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Friday, January 23, 2009

Once Again

Every now and then I check on Mark Leyner's career to see how far he's fallen since his 1997 masterpiece, The Tetherballs of Bougainville. The last thing was a horrible Middle East corporation film, War, Inc.

But now he's cashing in once again with another crappy medical humor book he's known to co-author. This time it's called Let's Play Doctor. I haven't read it, but it's got a phat 1.5 stars on amazon, and this review:

In case you're inclined to view Leyner's previous career (as a uniquely sardonic wit and social satirist) as the product of a bargain struck with Mephistopheles, these "doctor books" he now dashes off in conjunction with this Goldberg character can be viewed as what comes after the twist ending - when Satan shows up at the book-signing party demanding payment in full, and waving the signed contract like a combination past-due invoice and eviction notice.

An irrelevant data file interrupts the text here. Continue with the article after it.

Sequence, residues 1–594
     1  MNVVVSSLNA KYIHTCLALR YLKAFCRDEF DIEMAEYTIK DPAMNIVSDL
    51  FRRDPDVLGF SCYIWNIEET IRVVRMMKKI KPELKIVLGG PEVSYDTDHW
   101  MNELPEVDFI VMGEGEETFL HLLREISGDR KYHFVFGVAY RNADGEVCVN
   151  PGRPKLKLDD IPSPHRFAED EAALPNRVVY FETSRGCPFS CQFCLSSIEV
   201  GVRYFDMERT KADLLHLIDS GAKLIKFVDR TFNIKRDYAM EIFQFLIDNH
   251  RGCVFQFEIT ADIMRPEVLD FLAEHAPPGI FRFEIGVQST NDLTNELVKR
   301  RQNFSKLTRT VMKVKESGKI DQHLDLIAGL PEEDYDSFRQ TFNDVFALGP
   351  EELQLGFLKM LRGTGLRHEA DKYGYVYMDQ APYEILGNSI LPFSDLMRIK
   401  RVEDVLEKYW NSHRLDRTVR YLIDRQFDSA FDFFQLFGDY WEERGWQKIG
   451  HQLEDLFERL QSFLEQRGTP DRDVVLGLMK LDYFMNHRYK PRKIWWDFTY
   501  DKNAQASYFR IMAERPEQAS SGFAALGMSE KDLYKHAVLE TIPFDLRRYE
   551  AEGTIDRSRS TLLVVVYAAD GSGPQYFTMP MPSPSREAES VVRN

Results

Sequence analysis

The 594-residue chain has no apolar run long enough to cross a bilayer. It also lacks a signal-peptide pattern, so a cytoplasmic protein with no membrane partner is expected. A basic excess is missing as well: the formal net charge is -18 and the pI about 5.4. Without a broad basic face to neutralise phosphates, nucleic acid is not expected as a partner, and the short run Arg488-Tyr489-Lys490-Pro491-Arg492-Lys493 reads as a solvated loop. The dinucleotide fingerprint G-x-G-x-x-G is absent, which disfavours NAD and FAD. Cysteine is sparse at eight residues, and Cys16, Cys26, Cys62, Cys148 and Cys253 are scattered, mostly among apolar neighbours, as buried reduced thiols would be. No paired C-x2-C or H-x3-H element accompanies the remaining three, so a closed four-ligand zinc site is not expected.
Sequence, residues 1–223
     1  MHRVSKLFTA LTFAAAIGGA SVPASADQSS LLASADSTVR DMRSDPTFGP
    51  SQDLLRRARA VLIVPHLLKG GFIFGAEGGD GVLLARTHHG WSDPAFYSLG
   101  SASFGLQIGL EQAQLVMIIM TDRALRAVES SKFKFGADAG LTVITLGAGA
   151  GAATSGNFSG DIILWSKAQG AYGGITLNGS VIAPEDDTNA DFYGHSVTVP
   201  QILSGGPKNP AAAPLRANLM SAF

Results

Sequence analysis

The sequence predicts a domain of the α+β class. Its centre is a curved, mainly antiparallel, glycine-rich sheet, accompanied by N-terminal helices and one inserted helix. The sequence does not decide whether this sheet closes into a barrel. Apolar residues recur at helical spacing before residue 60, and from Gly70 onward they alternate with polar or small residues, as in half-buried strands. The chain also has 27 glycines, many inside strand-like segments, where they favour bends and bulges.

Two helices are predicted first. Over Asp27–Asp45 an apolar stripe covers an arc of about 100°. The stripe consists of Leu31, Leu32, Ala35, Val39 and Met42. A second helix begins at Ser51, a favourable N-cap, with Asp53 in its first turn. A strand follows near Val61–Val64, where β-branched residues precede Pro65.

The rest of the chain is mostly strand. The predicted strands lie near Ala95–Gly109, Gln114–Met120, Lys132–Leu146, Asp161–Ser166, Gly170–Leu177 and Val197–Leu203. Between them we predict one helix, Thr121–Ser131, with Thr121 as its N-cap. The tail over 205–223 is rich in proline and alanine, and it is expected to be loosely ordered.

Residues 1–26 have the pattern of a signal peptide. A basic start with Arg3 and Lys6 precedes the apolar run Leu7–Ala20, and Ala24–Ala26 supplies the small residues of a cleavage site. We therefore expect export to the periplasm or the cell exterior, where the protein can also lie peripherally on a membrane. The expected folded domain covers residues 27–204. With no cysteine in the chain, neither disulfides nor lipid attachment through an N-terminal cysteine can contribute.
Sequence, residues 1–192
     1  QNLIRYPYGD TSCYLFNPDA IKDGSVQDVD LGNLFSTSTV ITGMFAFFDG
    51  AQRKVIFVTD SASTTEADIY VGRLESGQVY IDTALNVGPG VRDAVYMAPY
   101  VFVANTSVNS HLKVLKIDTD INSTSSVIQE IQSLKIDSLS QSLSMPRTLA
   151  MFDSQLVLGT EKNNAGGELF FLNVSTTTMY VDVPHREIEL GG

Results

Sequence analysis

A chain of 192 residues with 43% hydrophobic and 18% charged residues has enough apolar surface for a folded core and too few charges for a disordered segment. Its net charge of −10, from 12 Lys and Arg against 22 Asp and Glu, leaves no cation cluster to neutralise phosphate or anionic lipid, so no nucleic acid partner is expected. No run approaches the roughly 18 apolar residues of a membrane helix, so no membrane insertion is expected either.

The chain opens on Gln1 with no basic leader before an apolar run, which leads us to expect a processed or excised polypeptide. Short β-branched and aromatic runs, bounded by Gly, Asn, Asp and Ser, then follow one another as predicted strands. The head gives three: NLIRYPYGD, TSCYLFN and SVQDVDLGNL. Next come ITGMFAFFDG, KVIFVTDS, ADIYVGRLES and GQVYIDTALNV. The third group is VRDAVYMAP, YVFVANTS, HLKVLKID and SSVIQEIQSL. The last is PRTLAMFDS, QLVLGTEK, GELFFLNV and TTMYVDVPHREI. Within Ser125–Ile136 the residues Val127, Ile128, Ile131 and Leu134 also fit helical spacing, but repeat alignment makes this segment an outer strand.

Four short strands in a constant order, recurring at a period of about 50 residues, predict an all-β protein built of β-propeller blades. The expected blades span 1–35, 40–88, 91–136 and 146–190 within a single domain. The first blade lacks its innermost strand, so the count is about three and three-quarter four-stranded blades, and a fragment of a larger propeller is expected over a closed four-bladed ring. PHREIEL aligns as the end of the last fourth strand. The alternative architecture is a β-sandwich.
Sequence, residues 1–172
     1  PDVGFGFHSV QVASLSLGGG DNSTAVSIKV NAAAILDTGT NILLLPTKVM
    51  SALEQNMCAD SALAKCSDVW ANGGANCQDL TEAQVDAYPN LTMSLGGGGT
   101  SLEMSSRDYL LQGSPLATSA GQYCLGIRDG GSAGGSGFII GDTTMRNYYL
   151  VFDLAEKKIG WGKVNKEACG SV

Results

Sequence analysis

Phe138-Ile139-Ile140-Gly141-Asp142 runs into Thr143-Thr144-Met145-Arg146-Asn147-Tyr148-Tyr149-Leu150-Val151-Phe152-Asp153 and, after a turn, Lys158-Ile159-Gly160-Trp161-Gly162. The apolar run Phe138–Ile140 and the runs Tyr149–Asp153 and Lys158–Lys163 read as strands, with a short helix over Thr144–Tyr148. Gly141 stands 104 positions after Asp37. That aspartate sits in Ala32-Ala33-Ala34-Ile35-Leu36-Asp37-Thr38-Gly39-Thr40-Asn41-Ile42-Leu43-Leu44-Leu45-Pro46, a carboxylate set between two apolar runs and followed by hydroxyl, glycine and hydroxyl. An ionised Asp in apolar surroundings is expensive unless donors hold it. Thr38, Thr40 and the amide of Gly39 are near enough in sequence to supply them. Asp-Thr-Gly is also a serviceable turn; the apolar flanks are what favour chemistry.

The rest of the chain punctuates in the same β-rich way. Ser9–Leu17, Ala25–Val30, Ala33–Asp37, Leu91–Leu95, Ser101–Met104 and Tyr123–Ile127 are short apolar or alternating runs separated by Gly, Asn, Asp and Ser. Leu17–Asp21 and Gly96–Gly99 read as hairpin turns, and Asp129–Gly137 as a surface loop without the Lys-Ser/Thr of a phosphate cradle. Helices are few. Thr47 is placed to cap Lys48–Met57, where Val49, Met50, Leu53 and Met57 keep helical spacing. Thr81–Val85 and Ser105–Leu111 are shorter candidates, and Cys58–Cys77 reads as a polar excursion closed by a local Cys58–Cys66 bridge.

The most bothersome aspect is the probability that something like LET'S PLAY DOCTOR is outselling ET TU, BABE by a ten-to-one margin, which is hardly Leyner's fault. But better he spends his free time with lawyers rather than doctors; what he needs is a contract-law barracuda to renegotiate his original deal with the devil, so he can get back to leaving bite-marks in corn dogs, posthaste.

I couldn't agree more.


Monday, January 19, 2009

OMG Tom Cruise is in South Korea!!

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Saturday, January 17, 2009

Beauty and the DRM

Yesterday was the last day of my winter English camp for beginners and I showed Beauty and the Beast, which I'd argue is one of Disney's best films of the last twenty years. Unfortunately, I'd downloaded (without realizing it) the "Special" edition that has an extra five minutes or so and a horrible song, "Human Again." It's sandwiched between two other songs and makes the film bloated in that area.